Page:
“Too many hospital administrators see nursing staff as second-class citizens,” says Suzanne Gordon, author of Nursing Against the Odds. “Historically, hospital administrators have viewed nurses as a disposable labor force.”

To read the full investigative article, visit NPR.

In other news:

Salon: Writer Luke Brinker reports that Illinois Gov. Bruce Rauner has “dramatically escalated his war against labor unions,” signing an executive order this week that allows public employees to opt out of paying “fair share” fees that support collective bargaining. (Whether a union member or not, all employees in unionized workplaces benefit from collective bargaining activities, thus the application of fair share fees.) According to Brinker, Rauner has called the fees unconstitutional; however, the Supreme Court has upheld such fees as legal as long as they’re not used to fund political activities. The story reads: “Bruce Rauner’s scheme to strip the rights of state workers and weaken their unions by executive order is a blatantly illegal abuse of power,” AFSCME Council 31 Executive Director Roberta Lynch told the Sun-Times in a statement yesterday. “Perhaps as a private equity CEO, Rauner was accustomed to ignoring legal and ethical standards, but Illinois is still a democracy and its laws have meaning.”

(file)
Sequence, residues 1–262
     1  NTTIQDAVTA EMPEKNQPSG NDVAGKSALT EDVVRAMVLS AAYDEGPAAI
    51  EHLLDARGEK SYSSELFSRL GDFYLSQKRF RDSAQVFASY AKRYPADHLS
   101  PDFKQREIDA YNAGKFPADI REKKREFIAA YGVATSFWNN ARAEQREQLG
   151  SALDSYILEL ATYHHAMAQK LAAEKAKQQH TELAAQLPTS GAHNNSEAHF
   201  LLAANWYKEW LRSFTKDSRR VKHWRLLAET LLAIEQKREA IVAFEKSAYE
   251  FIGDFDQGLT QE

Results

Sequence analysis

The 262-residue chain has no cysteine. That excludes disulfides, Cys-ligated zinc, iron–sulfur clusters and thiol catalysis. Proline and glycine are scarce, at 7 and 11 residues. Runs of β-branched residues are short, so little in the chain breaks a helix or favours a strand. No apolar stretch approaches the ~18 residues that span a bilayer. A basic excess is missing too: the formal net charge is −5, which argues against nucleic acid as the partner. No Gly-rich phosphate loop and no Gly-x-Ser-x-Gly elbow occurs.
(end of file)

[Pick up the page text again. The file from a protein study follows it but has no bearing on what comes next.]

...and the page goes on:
The Hill: Senate Republicans are moving to block the National Labor Relations Board from speeding up union elections. Reporter Tim Devaney writes that labor officials and Democrats argue that the rule is needed to prevent companies from delaying such elections and intimidating workers. Currently, it takes about 38 days from the time a petition is filed to hold an election, but the new NLRB rule could shorten that time to closer to 10 days. Opponents, however, are describing the measure as an “ambush” election rule and a “sneak attack” on businesses.